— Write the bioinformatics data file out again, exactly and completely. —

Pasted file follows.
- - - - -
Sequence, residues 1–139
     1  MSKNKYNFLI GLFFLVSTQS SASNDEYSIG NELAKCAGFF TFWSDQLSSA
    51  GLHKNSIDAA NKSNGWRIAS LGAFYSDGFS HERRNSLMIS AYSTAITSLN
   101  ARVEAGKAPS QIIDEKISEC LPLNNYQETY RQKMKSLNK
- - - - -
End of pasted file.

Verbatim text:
Sequence, residues 1–139
     1  MSKNKYNFLI GLFFLVSTQS SASNDEYSIG NELAKCAGFF TFWSDQLSSA
    51  GLHKNSIDAA NKSNGWRIAS LGAFYSDGFS HERRNSLMIS AYSTAITSLN
   101  ARVEAGKAPS QIIDEKISEC LPLNNYQETY RQKMKSLNK